Last push for votes as polls show Brexit campaign's lead narrows

Prominent politicians from both sides of Britain's EU referendum debate make last minute attempts to sway the undecided.
British Prime Minister David Cameron delivering a speech urging Britons to vote to Remain in the European Union, outside Birmigham University, on June 22.
British Prime Minister David Cameron delivering a speech urging Britons to vote to Remain in the European Union, outside Birmigham University, on June 22.PHOTO: EPA
British Prime Minister David Cameron (left) poses for a photograph after addressing pro-EU "Vote Remain" supporters at rally in Bristol, Britain, on June 22, 2016.
British Prime Minister David Cameron (left) poses for a photograph after addressing pro-EU "Vote Remain" supporters at rally in Bristol, Britain, on June 22, 2016. PHOTO: REUTERS

LONDON (AFP) - Prime Minister David Cameron invoked Britain’s wartime spirit in a last-ditch bid to win votes on Wednesday on the eve of a knife-edge referendum on European Union membership that has put the continent on alert.

“Winston Churchill didn’t give up on European democracy... and we shouldn’t walk away,” David Cameron told a crowd in Birmingham, his final rally in a campaign that has been described as one of Britain’s most bitter ever.

EU leaders warned that leaving the 28-member bloc would be final, as two polls indicated the “Leave” camp was just ahead of “Remain”.

“If you jump out of the airplane, you cannot clamber back through the cockpit hatch,” Cameron warned, his sleeves rolled up and pointing for emphasis.

“Put your children’s future first.” As planes with banners from the rival campaigns flew over London to woo the undecided, two polls showed the “Leave” side with the slimmest of leads, both within the margin of error.

“Our latest poll suggests that Leave is in a stronger position than Remain,” said Luke Taylor of TNS, after their poll put “Leave” on 43 percent and “Remain” on 41 percent.

 
 
 
 

Record numbers of voters have registered for the ballot, and Taylor emphasised the result could all come down to turnout.

A Brexit vote would mean Britain would be the first country to leave the European Union in the bloc’s 60-year history, leaving it in uncharted waters at an already troubled time.

“Out is out,” European Commission chief Jean-Claude Juncker said in Brussels, dismissing any talk of a post-vote renegotiation just hours before polls open.

French President Francois Hollande warned an exit would be “irreversible” while German Chancellor Angela Merkel said she wanted Britain to stay but that the decision was down to the British people.

The German and French leaders will meet in Berlin next week for talks Hollande said would work “towards relaunching the European project”, already struggling with an unprecedented migrant crisis.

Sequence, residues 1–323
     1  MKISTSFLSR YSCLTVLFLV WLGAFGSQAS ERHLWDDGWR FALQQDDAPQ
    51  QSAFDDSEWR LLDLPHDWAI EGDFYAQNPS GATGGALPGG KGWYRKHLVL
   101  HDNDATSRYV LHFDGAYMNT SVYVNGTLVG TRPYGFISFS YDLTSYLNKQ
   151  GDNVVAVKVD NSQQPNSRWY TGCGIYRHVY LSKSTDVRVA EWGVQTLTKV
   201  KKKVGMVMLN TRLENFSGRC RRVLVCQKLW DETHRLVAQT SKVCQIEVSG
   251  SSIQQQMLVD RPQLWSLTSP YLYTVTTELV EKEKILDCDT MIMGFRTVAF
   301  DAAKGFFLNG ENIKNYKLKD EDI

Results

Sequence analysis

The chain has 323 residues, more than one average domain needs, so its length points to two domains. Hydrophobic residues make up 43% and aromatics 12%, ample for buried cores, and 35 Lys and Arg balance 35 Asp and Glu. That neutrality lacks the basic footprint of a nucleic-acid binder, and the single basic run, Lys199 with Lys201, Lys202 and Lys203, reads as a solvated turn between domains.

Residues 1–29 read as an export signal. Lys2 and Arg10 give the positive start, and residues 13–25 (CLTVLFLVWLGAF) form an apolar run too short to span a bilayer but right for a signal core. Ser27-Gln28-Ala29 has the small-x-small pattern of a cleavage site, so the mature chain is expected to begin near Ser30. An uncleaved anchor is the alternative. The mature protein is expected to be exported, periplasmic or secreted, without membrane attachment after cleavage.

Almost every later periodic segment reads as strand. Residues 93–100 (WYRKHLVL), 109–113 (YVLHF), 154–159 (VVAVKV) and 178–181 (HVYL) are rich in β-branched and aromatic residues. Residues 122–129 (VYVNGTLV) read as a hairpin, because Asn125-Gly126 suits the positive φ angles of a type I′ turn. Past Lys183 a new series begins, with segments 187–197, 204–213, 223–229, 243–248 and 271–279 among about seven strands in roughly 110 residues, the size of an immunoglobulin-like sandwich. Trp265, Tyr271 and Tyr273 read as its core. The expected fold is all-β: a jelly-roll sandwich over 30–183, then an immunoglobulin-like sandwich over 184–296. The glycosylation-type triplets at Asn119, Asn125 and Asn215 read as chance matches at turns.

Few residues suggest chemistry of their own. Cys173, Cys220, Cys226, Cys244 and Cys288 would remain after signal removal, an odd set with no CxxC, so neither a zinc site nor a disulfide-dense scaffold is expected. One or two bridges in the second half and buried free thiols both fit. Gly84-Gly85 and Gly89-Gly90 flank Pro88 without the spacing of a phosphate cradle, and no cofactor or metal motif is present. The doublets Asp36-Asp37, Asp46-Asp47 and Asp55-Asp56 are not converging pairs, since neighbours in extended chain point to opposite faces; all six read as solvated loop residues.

Cameron’s main rival in the “Leave” campaign and possible successor, Boris Johnson, said Britain stood on the brink of “independence day” from Europe.

“I do think that we are on the verge, possibly, of an extraordinary event in the history of our country and indeed in the whole of Europe,” Johnson said in eastern England.

Nigel Farage, leader of the anti-EU UK Independence Party, said: “I genuinely believe we are going to win this.” US Republican White House hopeful Donald Trump, who arrives in Britain Thursday, also spoke out on Brexit again, saying he thought the country should “go it alone”.

A British withdrawal would trigger a lengthy exit negotiation, leading to the loss of unfettered access to its partners in the 28-nation market and forcing the country to strike its own trade accords across the world.

In Europe, the referendum has raised concerns of a domino effect of exit votes that would imperil the integrity of the bloc, already buffeted by the eurozone and migration crises.

Though many voters fret over the financial consequences of a Brexit, others relish the prospect of taking back power from Brussels and reining in high levels of immigration.

“I think we need to make our contribution to Europe and to the global economy. And the best way we can do that is by being in it,” Chet Patel, a 44-year-old telecoms worker told AFP.

Pat Hand, a 50-year-old construction worker, said he would be voting to leave the EU. “The country is in an absolute mess,” he added.

Momentum for the “Leave” campaign, however, appeared to be upended with last week’s killing of pro-EU lawmaker Jo Cox of the main opposition Labour party, which prompted concerns the campaign had been divisive.

“Jo’s killing was political. It was an act of terror,” Cox’s husband Brendan told thousands of mourners who gathered in London’s Trafalgar Square to mark what would have been her 42nd birthday.

Pakistani Nobel Peace Prize winner Malala Yousafzai, who survived an assassination attempt by Taliban extremists for advocating education for girls, told the crowd: “I’m here today as a living proof that they can’t win with bullets.” A floral tribute to Cox was also towed along the River Thames to a mooring outside the Houses of Parliament.

 

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Though the polls show the race is virtually neck and neck, bookmaker Betfair said their latest odds implied a 76-percent chance of “Remain” winning.

In the latest surveys released, Opinium put the “Leave” camp at 45 percent and “Remain” at 44 percent, while TNS gave them a lead of 43 percent to 41 percent for staying.

With everything to play for, a string of prominent figures rolled out last-minute endorsements.

James Bond star Daniel Craig and Irish rock band U2 endorsed "Remain", while bosses from nearly 1,300 of Britain’s leading businesses warning in the Times that Brexit would endanger jobs.